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S'ieu ar endevenia
En far chanson plazen,
Meravilla seria,
Tan mi vai malamen.
Voluntiers m'en sofrira
De dire cossi·m vai
Que no m'en descobrira;
Mas l'amoros e·il gai
Dirian: "E que fai?
Meravillas n'avem tuich gran.
Segon so qu'era gais antan,
Cossi pot esser que non chan?"

C'una dompna·i servia
De bon cor lialmen,
Tan qu'en bon pretz l'avia
Poiad', era dissen.
Con o poirai far d'ira?
Car lei, cui servit ai
De bon cor, o servira,
Desam, car o forfai.
Car atressi s'eschai
Qu'ill aia blasme del engan,
Cum pretz an cellas que ben fan.
Pero iratz sui de son dan.

Dirai n'una feunia,
C'om iratz non a sen,
Contra ma cortesia:
Pero, car no m'es gen,
Si pogues, la·n cobrira;
Mas ja non l'amarai,
Puois ill eissa s'azira.
Sabetz cal conort n'ai,
En que·m conortarai?
Eu n'aic de bels plazers enan.
Qu'ill agues mas un sol talan!
Sa foudatz m'en fai dir aitan.

Mi e·l bon pretz c'avia,
A perdut veramen
E·l ben c'om li dizia.
Gardatz c'a mal l'en pren!
Que qui la vi, ·s plevira
Antan e mais en lai
Que ja mais non faillira.
Et ieu com o farai?
Cossi m'en vengarai?
Puois tan m'a faich mentir lauzan
Que s'ie·n dic de mal atretan
Aco·m sera plus malestan.

A dompna taigneria
Grans viutatz d'onramen
E de faitz carestia.
Tant can ten son joven,
Vezer pot, quand se mira,
Cum de beutat li vai;
Pero si non cossira
En valor, ill dechai,
Car sa beutatz s'en vai
Et ill reman ab pel ferran
Dolenta, car a viscut tan
Ab plus simple sen d'un enfan.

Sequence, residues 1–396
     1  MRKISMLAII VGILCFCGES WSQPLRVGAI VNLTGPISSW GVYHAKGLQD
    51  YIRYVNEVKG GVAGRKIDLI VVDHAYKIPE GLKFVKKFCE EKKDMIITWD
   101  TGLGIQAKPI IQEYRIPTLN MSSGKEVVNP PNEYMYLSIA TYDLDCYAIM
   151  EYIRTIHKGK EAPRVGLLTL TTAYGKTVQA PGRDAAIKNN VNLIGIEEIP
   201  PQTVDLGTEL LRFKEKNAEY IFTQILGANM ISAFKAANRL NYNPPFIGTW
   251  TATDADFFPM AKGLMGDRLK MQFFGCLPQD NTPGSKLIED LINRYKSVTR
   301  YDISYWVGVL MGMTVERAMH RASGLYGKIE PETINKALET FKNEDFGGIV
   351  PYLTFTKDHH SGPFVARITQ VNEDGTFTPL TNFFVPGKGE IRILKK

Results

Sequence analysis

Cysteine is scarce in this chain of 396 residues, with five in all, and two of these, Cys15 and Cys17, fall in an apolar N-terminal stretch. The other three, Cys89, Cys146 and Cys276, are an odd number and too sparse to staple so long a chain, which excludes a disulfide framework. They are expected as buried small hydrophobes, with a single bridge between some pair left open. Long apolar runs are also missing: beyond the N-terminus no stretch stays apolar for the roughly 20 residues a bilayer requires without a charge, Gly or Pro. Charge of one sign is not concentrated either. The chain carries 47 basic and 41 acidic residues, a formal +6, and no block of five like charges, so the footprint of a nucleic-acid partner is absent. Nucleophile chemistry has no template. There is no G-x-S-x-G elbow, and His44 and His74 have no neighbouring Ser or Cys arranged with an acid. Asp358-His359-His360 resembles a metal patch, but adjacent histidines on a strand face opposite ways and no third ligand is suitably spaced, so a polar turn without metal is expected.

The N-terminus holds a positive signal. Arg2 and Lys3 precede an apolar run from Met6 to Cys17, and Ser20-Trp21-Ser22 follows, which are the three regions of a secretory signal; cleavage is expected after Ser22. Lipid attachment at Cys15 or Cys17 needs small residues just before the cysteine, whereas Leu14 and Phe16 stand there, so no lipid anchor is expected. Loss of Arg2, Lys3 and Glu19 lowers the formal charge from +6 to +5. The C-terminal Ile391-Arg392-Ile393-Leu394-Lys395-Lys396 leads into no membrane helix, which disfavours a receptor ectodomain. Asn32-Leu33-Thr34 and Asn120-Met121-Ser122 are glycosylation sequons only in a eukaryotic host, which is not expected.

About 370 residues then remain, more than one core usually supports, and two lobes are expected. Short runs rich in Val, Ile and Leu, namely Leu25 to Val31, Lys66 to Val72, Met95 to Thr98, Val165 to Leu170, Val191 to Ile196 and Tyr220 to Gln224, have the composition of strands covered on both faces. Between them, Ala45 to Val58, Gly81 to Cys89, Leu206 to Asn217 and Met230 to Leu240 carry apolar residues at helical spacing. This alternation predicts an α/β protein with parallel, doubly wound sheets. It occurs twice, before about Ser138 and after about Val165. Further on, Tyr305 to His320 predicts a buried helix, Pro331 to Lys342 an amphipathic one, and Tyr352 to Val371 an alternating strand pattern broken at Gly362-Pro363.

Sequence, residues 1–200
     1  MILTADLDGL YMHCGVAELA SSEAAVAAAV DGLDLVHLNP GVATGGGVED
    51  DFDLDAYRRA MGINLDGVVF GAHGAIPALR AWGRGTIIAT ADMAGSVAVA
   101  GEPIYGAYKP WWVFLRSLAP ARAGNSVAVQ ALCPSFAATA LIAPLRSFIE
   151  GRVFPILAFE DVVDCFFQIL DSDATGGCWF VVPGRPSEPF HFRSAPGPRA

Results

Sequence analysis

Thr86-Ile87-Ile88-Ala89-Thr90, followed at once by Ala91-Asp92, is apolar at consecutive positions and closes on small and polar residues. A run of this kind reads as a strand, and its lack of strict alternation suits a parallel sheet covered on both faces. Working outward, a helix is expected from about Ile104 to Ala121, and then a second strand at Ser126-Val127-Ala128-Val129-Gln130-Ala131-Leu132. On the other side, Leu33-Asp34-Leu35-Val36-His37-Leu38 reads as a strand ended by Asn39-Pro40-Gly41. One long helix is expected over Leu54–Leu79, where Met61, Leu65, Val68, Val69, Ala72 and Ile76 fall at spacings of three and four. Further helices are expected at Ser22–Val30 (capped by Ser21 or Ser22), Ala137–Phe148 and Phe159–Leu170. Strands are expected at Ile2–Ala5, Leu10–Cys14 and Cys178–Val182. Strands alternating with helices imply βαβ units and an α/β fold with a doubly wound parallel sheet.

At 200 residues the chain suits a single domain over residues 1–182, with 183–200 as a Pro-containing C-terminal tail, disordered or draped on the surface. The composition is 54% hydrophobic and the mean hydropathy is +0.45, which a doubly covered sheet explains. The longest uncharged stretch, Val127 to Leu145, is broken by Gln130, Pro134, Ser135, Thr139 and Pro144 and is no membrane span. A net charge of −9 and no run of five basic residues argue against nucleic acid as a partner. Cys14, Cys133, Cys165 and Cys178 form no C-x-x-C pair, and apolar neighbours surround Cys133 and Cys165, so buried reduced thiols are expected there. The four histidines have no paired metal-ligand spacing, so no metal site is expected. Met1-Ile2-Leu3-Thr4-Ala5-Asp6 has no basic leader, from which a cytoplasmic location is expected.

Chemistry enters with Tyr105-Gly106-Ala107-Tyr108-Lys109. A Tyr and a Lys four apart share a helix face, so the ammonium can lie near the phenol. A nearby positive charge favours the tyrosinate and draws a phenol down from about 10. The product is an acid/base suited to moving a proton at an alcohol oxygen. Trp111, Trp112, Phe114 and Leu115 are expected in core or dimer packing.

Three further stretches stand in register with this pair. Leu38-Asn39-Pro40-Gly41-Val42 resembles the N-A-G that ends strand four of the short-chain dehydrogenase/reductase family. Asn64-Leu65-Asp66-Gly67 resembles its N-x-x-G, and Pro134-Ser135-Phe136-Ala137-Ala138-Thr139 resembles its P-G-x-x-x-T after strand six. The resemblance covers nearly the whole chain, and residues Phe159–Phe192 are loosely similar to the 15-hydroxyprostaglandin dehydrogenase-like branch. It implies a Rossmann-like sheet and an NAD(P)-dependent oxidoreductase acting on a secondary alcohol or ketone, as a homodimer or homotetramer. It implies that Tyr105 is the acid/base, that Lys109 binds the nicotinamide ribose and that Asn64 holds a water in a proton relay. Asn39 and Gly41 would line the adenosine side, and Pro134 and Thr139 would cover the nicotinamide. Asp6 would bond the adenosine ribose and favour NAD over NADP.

Lausengador, deserenan
Digatz so que·us er a talan,
Qu'ieu no·i puosc aver pro ni dan.

Enueios, mais ai de talan
De trobar dompna ses enjan
Que vos de prez, cui amaz tan!

If I now managed
to write a pleasant song
it would be a marvel,
so badly it goes for me.
I would gladly endure
to tell how it is going
for it would not reveal me;
but the loving and the joyous
would say: "What does he do?
We are all greatly astonished.
Seen he was so happy before,
how can it be that he doesn't sing?"

For I was serving a lady
wholeheartedly and loyally
so well I had uplifted
her good virtue, [which] now decays.
How could I do this with sadness?
Because her, whom I have served
wholeheartedly, and will serve,
I unlove, because she deserves it.
For it is, anyway, fitting
that she is blamed for the deceit
the same way that those who do good earn virtue.
But I am still sad that she comes to harm.

I'd say an ill thing about her,
for a saddened man has no consideration,
against my [usual] courtesy:
still, while she is not agreeable,
if I could, I would cover her;
but I'll never love her
for it's her who hates herself.
Do you know which consolation I have,
with which I'll console myself?
I have beautifully enjoyed her before.
If she only had a single will!
Such are the things her folly makes me say about her!

She truly has lost
me, and the good virtue she had,
and the good [advice] one gave her.
See how she's turned for the worse!
For he who saw her last year
and much before would have sworn
that she would never fail.
And what will I do, me?
How will I take revenge on her?
For she has made me lie, by praising, so much
that if I talked ill of her as much
it would be [even] more improper.

What suits a lady is
great honourable courtesy
and parsimony of actions.
As long as she keeps her youth
she can see, whenever she looks at herself,
how her beauty is doing;
but if she doesn't care for
valour, she spoils,
for her beauty goes
and she remains, with grey hair,
regretful that she has lived so long
being simpler than a child.

Slanderers, now
say all you wish
for neither good nor bad can come of it to me.

Meddlers, I care more
to find a lady with no deceit,
than you do for virtue, which you love so much!